I’m now lucky enough to be on a good medication that works well enough that my symptoms have completely gone away – I’m even driving again finally! – but there have been ups and downs. There have been times where my medication hasn’t worked or I have suffered from awful side effects that are antisocial, intolerable and at times life ruining. For me personally, before it was under control when I hit that level of being tired, my whole body would need to collapse and I would just have to lie down and go to sleep. It would strike suddenly and I could be anywhere. It meant I couldn’t leave the house, which is why finding a medication that works was completely life changing
How does narcolepsy affect your daily routine?
Because of the medication, I’m currently taking it doesn’t affect my day to day routine too much now. I no longer have to take daytime naps, so I go to bed at 7 pm and don’t have to take sleeping tablets to deal with uninterrupted nighttime sleep. I sleep well and tend to wake up between 5 am and 6 am. However, I do get tired very easily, and I often have one week out of every month where I feel flu-like and poleaxed with utter lethargy and a complete inability to do anything and as if my body is completely shutting down. When this happens, I can’t stay awake at all any of the time. I just have to give up and accept that I am out of action for a week.
How do others react when you tell them you’ve got narcolepsy?
Without a doubt, the most common question is “is that where you fall asleep all of the time?” That’s the most common one because that’s how it’s shown on TV, but the truth is that everyone is different and it’s not a representation of all narcolepsy sufferers. People also think that those with narcolepsy are just lazy, that it’s just an excuse or that it’s something that can be fixed by having a quick nap or drinking a coffee. But if you hit that level of tiredness and fall through the floor, a coffee just isn’t going to help.
Do you feel you receive enough information and support from HCPs?
I’d say that the level of information and support has been ok. There’s been one neurologist who has been amazing throughout the entire process, but the rest have been average.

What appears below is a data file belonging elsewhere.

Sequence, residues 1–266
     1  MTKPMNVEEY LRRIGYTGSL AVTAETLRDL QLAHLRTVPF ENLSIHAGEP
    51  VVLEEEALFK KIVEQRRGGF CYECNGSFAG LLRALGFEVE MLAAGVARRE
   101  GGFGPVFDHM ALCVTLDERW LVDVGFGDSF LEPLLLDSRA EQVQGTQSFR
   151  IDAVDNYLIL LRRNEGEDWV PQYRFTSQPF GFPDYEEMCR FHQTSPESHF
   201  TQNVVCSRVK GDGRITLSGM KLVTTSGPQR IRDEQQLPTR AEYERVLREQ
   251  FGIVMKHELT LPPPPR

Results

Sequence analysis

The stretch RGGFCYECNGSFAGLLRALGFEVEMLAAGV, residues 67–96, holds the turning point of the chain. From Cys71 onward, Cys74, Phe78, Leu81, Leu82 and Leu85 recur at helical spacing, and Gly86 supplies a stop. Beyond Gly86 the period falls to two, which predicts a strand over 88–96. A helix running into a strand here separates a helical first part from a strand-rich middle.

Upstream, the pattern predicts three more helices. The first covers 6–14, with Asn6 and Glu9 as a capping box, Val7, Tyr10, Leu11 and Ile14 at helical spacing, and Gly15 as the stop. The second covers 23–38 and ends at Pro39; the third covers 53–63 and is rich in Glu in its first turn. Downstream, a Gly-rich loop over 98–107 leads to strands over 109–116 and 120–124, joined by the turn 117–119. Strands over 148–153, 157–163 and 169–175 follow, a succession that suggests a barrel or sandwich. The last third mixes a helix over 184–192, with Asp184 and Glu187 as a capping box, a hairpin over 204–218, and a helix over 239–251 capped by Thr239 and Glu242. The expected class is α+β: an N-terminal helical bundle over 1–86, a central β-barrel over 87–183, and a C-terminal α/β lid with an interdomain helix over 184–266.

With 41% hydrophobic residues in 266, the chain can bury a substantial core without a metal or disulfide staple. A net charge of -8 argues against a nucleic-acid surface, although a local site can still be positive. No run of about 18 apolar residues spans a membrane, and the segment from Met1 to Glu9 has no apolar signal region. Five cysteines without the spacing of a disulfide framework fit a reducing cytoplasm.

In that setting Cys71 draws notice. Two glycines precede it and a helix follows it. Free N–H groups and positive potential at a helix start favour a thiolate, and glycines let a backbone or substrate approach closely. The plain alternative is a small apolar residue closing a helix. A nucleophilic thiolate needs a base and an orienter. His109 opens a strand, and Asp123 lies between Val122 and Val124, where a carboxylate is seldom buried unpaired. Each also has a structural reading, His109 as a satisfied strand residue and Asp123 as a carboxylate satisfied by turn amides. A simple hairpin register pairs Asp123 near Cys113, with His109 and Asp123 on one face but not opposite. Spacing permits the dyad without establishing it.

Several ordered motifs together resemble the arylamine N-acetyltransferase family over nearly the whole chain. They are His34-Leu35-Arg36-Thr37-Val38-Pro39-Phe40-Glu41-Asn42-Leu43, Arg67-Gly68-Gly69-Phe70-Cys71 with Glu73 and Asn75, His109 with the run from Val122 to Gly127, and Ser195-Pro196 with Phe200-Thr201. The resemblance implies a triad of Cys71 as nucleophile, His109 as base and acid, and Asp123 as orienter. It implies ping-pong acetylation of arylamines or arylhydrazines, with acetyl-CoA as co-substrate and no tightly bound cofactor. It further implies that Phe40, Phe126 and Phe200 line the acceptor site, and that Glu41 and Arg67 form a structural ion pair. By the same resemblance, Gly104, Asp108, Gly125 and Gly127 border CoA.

Have you used any websites or support groups?
Back when I was first diagnosed I visited sites such as Narcolepsy UK which had some really useful information, but I haven’t used them in a while. Other than that I didn’t use other websites or support groups.
Tell us about your market research experience with GKA
I was put forward for market research by my specialist neurologist because I had been on the medication being researched for two years and was responding really well to it. I took part in a 60-minute interview about how I’d been before using the medication, all the different factors to do with taking it, how I’d improved or not improved, any side effects, what information I’d been given by doctors about the medication and more. As a result of the research, the medication is now funded by the NHS and I’m absolutely thrilled to have been able to help people.
What do you feel you got out of the process?
From a personal perspective, taking part in the research made me more confident to ask doctors questions and to think about medications and side effects more. It was very empowering, and I’m so grateful that others can benefit from the research too. That’s why it was so great to take part – everyone who suffers from narcolepsy is different, there’s a whole spectrum of how it affects people and it was great to give others like me a voice. All in all, I felt a huge feeling of warmth and was really pleased with the entire process.
Would you consider taking part in future projects?
Without a doubt, yes. I really enjoyed the whole process and seeing first-hand the benefit of market research. I’m now a total advocate for getting involved!
If you are thinking about conducting patient journey research, why not download our guide to successful fieldwork with patients? It’s full of advice on how to carry out patient-centric research, from project set up tips to recruitment advice, moderation ideas and our exclusive access to healthcare experts.